“Different from” (or “different to” in Great Britain; they can’t get anything right) is correct when you are comparing nouns, not “different than.” For example, California is different from … well, just about anywhere.

IMPACT IS NOT A VERB. Yes, I know you’ve seen it a million times, and at this point impact is even listed as a verb in the dictionary. But I eliminate that misuse from every piece of writing that crosses my desk. It may be commonly accepted, but it is evil. And "impactful" is an outright crime against well-spoken humanity.

And now, a story to demonstrate my point

A while ago, I took a seminar in grant writing. I was the director of a nonprofit, and knowing how to write a grant was essential to the future of my organization. The leader of the seminar asked the group if we knew how grantors made their decisions. We replied, “On the merits of our projects.” (Like writers, nonprofit organizations are under the illusion that good work counts.) She immediately set us straight.

“They hold up the first page of each application to the light,” she said. “If they see Wite-Out [this was in the age of typewriters], they throw the entire application away. They repeat that process, going through each page, until they get a pile of perfectly written applications. Those are the ones they read.”

The moral of the story: Don’t give anybody an excuse to throw your work out. Edit everything you write, consult a dictionary, check all your punctuation marks, and watch those apostrophes.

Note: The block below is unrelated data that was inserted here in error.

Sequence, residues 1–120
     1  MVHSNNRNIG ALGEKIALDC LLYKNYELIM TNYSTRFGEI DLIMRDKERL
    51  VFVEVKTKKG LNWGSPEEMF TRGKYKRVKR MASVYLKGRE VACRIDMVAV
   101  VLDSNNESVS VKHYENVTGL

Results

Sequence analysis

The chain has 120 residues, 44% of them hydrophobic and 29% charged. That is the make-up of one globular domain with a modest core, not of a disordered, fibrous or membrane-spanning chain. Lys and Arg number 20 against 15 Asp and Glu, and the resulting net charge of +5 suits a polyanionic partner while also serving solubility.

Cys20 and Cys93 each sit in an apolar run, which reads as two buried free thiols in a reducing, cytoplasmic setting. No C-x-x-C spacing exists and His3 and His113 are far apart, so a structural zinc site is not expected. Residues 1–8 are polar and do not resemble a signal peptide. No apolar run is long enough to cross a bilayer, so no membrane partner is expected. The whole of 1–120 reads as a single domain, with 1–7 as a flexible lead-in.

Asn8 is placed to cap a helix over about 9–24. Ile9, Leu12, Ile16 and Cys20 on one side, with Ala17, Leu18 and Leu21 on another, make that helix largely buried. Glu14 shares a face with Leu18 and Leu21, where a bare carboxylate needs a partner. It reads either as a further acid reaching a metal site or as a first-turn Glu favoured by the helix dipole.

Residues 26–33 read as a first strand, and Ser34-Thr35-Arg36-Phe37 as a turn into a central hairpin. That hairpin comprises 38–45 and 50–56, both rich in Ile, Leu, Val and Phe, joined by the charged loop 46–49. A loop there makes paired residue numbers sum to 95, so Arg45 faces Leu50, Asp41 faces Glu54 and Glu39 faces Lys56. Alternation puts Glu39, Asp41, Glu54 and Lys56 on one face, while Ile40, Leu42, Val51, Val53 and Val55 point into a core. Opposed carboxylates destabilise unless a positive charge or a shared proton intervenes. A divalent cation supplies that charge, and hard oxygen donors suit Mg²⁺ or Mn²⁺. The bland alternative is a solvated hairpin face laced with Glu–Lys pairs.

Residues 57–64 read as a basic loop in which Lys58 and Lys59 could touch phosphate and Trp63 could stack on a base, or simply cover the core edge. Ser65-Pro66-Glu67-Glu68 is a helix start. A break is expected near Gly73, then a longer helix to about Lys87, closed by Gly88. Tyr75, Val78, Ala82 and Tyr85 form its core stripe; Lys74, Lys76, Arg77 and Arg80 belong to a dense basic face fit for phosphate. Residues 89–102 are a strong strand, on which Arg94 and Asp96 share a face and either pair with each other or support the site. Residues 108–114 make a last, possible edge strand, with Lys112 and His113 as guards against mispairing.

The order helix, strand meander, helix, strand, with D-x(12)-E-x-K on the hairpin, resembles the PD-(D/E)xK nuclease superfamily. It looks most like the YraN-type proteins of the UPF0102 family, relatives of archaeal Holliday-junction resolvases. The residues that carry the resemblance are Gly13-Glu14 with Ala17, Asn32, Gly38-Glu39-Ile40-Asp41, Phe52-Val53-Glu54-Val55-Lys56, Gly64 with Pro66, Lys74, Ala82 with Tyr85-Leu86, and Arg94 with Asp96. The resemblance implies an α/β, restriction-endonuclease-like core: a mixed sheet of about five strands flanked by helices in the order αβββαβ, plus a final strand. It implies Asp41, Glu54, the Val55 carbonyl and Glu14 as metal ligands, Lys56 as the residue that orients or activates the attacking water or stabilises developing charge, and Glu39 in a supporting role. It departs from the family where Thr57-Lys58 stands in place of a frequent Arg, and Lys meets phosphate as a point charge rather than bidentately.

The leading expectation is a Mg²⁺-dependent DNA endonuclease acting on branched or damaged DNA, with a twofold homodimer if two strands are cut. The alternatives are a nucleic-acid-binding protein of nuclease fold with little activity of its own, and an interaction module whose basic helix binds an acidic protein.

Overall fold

People in the publishing business — and I know them well— have no mercy.


  1. You are right about this one. I thought you could just casually write on a forum. Boy, was I wrong someone came down my throat and left it raw. So, I try to do my best no matter what I am writing.

  2. When you click that little "publish" button, you really are publishing.

  3. One of the best and most moving pieces of literature I have ever read was written on a napkin. It had errors. I think the world is missing out.

    Love your blog!! Thank you for the invitation. I would be thrilled if you stop by and follow mine, there are mistakes but the people that follow me are amazing.

    All the best ~Kellee Farr

  4. Wonderful. I needed a chuckle...and a lesson. Thanks

  5. You're wrong about use of apostrophes to form plurals. Mind your P's and Q's. Also with single numbers: 6's and 7's. Although using it with '90s looks a tad awkward.
    I could cite several authoritative sources, but here's one that's very clear.

  6. Mind your P's and Q's is incorrect. It should be "Mind your Ps and Qs." Apostrophes are not used in plurals. Ever.


Note: Only a member of this blog may post a comment.

Related Posts Plugin for WordPress, Blogger...